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We Need to Get Our Economic Facts Straight

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Simon Johnson

History matters. Without understanding how we reached our present economic and financial situation, it is hard for people to think sensibly about what needs to be done now.

Our current budget deficits are the result of 10 years of fiscal mismanagement, beginning with the tax cuts passed under President George W. Bush. At the time, there was this illusion of “extra” revenue that could be returned to taxpayers. In fact, the baby boomers were starting to retire in large numbers and that surplus was needed to cover their Social Security benefits. The facts, as presented, were wrong.

The facts were also wrong on the expense of two foreign wars in Iraq and Afghanistan. The Bush administration fired a senior official who predicted that the war in Iraq would cost considerably more than others were suggesting at the time. In retrospect, the wars will end up costing far more than even that official estimated.

There was also complete — bipartisan — delusion on the dangers posed by the financial sector. In this case, the most powerful people on Wall Street were the ones who had their facts wrong. Their mistakes blew up their companies in spectacular fashion and pushed the economy into a severe recession from which we are still, five years later, struggling to recover.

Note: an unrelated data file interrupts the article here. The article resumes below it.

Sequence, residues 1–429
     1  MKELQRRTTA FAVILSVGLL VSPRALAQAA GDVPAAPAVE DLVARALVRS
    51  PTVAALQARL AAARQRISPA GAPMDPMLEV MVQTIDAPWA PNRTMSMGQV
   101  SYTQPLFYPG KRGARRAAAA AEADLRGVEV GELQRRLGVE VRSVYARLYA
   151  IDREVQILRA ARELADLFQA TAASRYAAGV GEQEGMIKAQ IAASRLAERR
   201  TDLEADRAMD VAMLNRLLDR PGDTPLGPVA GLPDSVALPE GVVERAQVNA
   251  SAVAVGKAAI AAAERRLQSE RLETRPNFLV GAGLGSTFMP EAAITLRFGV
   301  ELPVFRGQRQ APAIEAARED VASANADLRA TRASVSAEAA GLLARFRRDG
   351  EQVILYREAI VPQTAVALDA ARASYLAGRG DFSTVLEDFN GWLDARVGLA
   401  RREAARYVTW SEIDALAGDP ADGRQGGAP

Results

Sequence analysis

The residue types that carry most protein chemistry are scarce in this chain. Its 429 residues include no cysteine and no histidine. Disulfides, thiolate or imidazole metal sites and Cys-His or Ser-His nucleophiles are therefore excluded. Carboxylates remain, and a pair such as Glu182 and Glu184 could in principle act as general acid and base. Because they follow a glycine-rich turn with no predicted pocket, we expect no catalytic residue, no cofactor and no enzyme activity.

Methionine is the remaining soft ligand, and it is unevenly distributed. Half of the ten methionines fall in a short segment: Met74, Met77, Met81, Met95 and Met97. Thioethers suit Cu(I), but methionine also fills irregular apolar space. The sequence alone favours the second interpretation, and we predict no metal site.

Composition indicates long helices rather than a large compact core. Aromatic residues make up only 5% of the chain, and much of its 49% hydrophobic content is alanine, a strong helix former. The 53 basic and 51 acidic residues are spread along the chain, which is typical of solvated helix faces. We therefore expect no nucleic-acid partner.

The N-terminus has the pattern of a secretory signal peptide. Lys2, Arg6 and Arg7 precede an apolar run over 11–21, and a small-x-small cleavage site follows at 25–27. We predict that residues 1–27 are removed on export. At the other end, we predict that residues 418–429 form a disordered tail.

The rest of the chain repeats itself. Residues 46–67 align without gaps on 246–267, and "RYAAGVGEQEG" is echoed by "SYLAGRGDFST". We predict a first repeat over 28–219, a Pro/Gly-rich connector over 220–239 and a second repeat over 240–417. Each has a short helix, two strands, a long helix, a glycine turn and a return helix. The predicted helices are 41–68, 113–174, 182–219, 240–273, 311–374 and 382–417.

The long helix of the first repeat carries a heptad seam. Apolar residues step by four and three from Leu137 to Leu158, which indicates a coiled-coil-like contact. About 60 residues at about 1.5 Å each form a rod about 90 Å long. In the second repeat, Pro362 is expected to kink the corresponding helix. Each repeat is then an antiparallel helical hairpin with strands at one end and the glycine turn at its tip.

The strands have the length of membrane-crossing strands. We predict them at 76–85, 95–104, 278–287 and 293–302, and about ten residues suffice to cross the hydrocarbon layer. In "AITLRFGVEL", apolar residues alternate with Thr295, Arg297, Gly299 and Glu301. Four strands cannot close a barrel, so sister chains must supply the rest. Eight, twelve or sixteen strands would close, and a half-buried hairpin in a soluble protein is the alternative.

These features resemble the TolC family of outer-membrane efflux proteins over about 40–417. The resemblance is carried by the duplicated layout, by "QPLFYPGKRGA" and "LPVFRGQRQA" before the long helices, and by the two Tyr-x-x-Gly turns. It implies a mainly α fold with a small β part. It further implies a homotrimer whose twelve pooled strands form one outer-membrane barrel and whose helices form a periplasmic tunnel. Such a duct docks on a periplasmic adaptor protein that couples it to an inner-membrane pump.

We need to strengthen our federal tax revenue base. We can do that by reducing or eliminating tax breaks that favor very rich financiers and limiting tax breaks that encourage overspending on healthcare. We need to stay out of war — and reduce the size of our military. We need to complete the process of financial reform that was started by the Dodd-Frank Act of 2010.

But we should go further. I support the SAFE Banking Act proposed by Senator Sherrod Brown. We should make our largest financial institutions small enough and simple enough so that they can, when appropriate, fail – just like any other American company. We should and must move to end “too big to fail.”

Simon Johnson spoke with Bill Moyers about JP Morgan’s multi-billion dollar loss in May. Johnson is a former chief economist of the International Monetary Fund and now a professor at MIT’s Sloan School of Management and senior fellow at the Peterson Institute for International Economics. His most recent book is White House Burning: The Founding Fathers, Our National Debt, and Why It Matters to You.

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